UK’s secret policy on torture: a threat to national security




Today the Guardian exclusively revealed  the UK’s secret policy on torture.
The document shows intelligence officers were instructed to “weigh the importance of information sought against the pain inflicted”.

One section states: “If […] that information will be or has been obtained through the mistreatment of detainees, the negative consequences may include […] adverse effects on national security if the fact […] were to be publicly revealed”

Not only does this document expose the UK’s complicity with torture, which it acknowledges is illegal under UK and international law, but it also attempts to justify the need for keeping the policy secret because it may increase the threat from terrorism. In other words it is not the illegal torture policy that is a problem- just people finding out about it.

In other words, as any criminal will surely agree, the real crime is being found out.  The document attempts to blame the messenger or whistle-blower for any potential negative “blow back” rather than the torture policy itself.

Behind this lies a remarkable confidence that both the victims and the perpetrators of torture will keep silent or will not be believed if they speak out.
This policy of secrecy would explain why credible witness and UK resident Shaker Aamer is still in Guantanamo. It would appear he will be held until tormented into insanity.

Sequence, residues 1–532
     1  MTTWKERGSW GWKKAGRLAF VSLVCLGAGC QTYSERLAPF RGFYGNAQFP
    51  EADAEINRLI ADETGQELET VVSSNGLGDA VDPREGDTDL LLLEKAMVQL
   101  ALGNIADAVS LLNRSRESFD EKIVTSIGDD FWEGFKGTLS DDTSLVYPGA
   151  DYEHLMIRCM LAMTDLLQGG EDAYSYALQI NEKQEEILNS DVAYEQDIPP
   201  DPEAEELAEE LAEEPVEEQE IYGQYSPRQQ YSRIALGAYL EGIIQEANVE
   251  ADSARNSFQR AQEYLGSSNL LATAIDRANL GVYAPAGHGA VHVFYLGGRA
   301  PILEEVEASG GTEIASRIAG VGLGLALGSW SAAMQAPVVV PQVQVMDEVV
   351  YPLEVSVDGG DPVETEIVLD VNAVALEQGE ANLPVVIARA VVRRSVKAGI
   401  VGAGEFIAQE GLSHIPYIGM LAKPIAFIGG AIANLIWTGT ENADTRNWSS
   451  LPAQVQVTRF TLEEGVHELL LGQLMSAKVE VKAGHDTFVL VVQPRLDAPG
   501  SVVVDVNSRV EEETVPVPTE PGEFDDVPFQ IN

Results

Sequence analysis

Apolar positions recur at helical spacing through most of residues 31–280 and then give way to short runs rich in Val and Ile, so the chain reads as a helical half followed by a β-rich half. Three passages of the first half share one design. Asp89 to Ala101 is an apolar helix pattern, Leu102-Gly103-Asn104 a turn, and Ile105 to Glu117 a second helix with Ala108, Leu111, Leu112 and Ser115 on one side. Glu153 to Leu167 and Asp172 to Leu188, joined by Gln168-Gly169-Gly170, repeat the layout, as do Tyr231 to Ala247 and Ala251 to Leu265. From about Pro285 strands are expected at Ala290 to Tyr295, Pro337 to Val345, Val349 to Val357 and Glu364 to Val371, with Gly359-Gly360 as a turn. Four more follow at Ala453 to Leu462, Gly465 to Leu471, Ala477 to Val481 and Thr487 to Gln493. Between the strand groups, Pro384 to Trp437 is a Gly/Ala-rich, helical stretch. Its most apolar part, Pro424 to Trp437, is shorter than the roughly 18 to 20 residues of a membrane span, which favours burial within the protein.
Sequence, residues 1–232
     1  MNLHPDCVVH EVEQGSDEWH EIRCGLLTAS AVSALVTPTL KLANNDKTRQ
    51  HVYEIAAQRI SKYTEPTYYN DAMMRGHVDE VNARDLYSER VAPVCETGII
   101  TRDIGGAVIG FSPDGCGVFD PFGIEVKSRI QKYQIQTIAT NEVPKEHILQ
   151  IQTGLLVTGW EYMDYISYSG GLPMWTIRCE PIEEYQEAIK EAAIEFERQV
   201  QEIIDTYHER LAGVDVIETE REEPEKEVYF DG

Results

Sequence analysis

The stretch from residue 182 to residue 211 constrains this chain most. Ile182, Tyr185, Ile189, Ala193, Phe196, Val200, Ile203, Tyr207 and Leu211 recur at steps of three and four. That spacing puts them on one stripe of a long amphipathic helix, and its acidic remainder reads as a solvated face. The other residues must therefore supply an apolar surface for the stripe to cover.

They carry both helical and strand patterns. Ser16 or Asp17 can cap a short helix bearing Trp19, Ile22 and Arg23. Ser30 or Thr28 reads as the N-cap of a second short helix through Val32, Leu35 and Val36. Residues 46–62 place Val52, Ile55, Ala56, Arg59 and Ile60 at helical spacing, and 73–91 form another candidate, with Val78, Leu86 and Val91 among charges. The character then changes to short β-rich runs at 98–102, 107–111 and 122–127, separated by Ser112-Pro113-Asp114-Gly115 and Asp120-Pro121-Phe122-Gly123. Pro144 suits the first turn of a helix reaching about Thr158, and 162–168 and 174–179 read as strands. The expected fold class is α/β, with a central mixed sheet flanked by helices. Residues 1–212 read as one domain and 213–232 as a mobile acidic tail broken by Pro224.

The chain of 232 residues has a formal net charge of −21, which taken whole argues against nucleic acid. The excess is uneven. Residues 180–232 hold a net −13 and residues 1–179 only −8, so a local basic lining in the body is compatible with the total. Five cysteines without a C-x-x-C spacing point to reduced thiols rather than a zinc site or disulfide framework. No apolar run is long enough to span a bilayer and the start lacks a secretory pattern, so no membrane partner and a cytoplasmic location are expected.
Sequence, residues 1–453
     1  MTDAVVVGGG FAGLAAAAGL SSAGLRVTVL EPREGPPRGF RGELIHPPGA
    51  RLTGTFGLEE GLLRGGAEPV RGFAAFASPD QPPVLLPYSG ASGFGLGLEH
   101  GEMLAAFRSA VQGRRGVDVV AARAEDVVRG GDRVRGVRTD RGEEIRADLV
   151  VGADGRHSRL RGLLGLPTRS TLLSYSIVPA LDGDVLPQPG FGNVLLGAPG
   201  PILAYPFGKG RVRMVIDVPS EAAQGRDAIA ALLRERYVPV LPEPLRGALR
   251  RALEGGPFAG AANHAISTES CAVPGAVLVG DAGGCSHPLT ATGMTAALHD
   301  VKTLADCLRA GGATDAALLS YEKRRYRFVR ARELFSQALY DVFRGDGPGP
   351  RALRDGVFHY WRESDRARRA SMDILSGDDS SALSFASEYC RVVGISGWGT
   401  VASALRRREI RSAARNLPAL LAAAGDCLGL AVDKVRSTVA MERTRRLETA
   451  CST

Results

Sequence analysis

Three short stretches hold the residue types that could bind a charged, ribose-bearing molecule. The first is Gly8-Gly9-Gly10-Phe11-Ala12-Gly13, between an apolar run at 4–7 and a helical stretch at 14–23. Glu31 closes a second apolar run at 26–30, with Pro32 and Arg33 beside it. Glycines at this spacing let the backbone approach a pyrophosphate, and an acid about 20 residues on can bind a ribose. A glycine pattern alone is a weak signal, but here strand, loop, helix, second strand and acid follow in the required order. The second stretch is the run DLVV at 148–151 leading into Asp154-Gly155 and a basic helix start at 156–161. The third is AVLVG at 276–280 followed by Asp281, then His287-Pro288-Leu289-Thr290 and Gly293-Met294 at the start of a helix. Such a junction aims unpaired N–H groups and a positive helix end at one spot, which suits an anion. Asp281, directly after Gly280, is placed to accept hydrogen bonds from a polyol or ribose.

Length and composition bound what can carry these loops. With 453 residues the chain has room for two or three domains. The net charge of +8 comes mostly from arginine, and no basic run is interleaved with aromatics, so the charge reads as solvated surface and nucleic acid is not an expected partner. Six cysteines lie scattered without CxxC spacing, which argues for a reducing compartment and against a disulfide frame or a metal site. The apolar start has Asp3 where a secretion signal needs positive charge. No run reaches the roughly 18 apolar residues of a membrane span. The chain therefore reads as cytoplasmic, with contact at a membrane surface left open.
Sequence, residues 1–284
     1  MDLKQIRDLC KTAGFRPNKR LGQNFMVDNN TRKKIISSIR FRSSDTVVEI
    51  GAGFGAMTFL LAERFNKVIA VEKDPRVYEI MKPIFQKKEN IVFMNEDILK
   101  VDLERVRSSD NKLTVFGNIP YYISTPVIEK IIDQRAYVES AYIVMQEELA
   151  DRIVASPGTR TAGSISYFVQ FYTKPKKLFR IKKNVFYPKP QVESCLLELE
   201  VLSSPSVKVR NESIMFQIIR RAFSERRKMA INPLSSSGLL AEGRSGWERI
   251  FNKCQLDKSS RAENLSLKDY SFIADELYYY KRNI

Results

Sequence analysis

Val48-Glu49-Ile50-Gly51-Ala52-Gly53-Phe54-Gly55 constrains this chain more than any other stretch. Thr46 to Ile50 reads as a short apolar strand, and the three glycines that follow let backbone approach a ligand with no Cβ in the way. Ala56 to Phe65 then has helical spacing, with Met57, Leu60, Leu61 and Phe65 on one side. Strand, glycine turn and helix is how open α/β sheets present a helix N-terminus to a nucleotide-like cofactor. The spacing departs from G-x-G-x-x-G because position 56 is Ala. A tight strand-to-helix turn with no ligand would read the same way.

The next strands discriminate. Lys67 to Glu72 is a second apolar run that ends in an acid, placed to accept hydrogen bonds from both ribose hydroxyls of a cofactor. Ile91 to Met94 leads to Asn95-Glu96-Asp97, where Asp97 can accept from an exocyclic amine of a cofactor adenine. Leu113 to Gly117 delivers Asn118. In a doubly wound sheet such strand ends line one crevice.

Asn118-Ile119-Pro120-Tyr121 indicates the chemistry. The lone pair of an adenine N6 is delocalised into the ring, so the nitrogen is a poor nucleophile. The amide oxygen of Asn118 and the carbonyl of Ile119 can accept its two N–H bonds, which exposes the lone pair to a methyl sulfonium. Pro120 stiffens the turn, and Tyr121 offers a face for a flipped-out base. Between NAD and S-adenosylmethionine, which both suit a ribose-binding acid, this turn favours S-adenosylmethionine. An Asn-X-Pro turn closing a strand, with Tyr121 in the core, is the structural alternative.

Please join the Save Shaker Aamer Campaign

Watch video- Omar Deghayes, former Guantanamo Bay detainee, describes his interrogation by British Intelligence agent, “Andrew”, and others (MI5 and MI6) while held illegally in Pakistan.

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MI5 implicated in new torture allegations

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The British intelligence services have been implicated in fresh allegations of torture, the Guardian has revealed.

In spite of promises from the government to investigate the complicity of the Intelligence services in the use of torture against terror suspects, it is alleged that MI5 was involved in a case of  ‘rendition’ as late as July last year. Omar Awadh, a Kenyan businessman, was secretly captured and deported to Uganda (a practice referred to as ‘rendition’) in the wake of the July 2010 bombings in Kampala. He was subsequently held in prison where he claims that he was tortured by local security officials and interrogated by officers from MI5 and the FBI.

Previously, detainees from Guantanamo such as Omar Deghayes, have claimed that they were questioned by British intelligence officials during their time in detention. In July 2010, shortly before the bombings that lead to Awadh’s arrest, David Cameron announced plans for an inquiry into the complicity of MI5 in the outsourcing of torture to other countries and promised compensation if it was confirmed that British Intelligence had permitted the torture of UK citizens.

Although Mr Cameron was keen to investigate human rights breaches committed under the last government, he has yet to respond to the latest torture allegations in the Guardian.

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